Arizona officials announced Monday a settled lawsuit that says thousands of residents are being disenfranchised by the way the state handled voter registration applications that don’t provide proof of citizenship. The suit filed by the League of United Latin American Citizens and Arizona Students’ Association against Arizona Secretary of State Michele Reagan and Maricopa County Recorder Adrian Fontes. The lawsuit claimed the state’s voter registration process was unduly burdensome, as people who use a state-produced application and fail to provide proof could not vote in both state and federal elections.
Articles about voting issues in Arizona.
Arusha Gordon remembers hearing the decades-old stories from her Native American clients about the challenges of voting back then. Polling places were often miles off reservation and located in mostly white towns whose residents were not always welcoming, said Gordon, voting rights counsel for the Lawyers Committee on Civil Rights Under Law. James Tucker heard the same stories from tribal members who said it was sometimes easier to skip elections completely. Those challenges are a thing of the past say Gordon and Tucker, the voting rights counsel for the Native American Rights Fund. But voting can still be a challenge for Native Americans, who may face language barriers, registration difficulties and a lack of access to polling places and government services that can ease the voting process. “It’s an issue that often gets overlooked,” Gordon said. “They (tribes) never get as many resources directed towards them.”
A federal judge has rejected a Democratic effort to overturn a 2016 Arizona law barring groups from collecting early ballots from voters as part of their get-out-the-vote efforts. The ruling issued by U.S. District Court Judge Douglas Rayes Tuesday evening comes in a lawsuit filed shortly after the law was passed by the Republican-controlled Arizona Legislature. Rayes also rejected challenges by national and state Democratic groups that alleged the state’s policy of rejecting ballots cast in the wrong precinct was illegal. Democratic groups argue the law banning the collection of early ballots disproportionately affects minority voters. Gov. Doug Ducey has called it a common-sense law to protect election integrity. Violators of the law that bans anyone but caregivers or family members from delivering a completed early ballot to a polling place can face a felony charge.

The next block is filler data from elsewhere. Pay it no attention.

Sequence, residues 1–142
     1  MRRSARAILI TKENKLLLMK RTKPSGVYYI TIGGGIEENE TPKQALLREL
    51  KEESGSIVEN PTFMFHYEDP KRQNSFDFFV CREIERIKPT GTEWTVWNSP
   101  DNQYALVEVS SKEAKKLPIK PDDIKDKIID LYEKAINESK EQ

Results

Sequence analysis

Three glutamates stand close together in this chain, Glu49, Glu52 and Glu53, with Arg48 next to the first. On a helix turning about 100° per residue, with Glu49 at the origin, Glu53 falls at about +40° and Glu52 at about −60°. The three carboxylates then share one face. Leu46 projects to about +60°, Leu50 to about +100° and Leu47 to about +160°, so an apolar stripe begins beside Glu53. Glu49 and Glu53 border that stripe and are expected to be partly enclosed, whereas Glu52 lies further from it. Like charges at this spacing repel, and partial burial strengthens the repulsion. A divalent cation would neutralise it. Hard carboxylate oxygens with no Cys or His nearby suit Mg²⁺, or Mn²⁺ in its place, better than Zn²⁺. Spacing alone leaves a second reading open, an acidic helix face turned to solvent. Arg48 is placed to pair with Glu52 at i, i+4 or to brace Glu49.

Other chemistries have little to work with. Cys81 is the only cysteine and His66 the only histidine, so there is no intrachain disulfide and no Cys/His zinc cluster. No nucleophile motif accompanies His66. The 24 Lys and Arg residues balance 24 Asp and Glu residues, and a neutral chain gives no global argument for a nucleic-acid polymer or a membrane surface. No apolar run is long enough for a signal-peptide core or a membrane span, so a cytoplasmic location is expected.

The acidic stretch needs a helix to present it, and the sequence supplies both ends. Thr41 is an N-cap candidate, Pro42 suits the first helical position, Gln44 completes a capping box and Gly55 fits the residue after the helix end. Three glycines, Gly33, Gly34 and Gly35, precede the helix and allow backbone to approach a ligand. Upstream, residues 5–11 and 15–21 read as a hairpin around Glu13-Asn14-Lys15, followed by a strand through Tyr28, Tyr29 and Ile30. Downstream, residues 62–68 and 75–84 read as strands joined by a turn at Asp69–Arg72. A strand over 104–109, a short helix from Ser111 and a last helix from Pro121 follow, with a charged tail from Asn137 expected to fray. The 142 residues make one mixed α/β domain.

Republicans in the Arizona House on Wednesday pushed through a proposal to revamp the commission that draws the state’s political boundaries. The House voted 32-25 to approve the measure to overhaul Arizona’s Independent Redistricting Commission, which sets political district lines that determine who represents voters in Congress and the state Legislature. The vote, with Republicans in favor and Democrats in opposition, came as lawmakers were working to put together and pass a final budget. Any changes to the commission require a vote of the people in the form of an amendment to the Arizona Constitution.
Roughly 140,000 Maricopa County voters have not received ID cards, potentially leaving eligible voters in Tuesday’s special congressional election unaware that they can cast a ballot. County election officials said they haven’t sent cards out since December, blaming a printing delay. The 8th Congressional District special election to replace ousted Republican U.S. Rep. Trent Franks in the West Valley is being watched nationally as a possible bellwether for the fall midterm elections.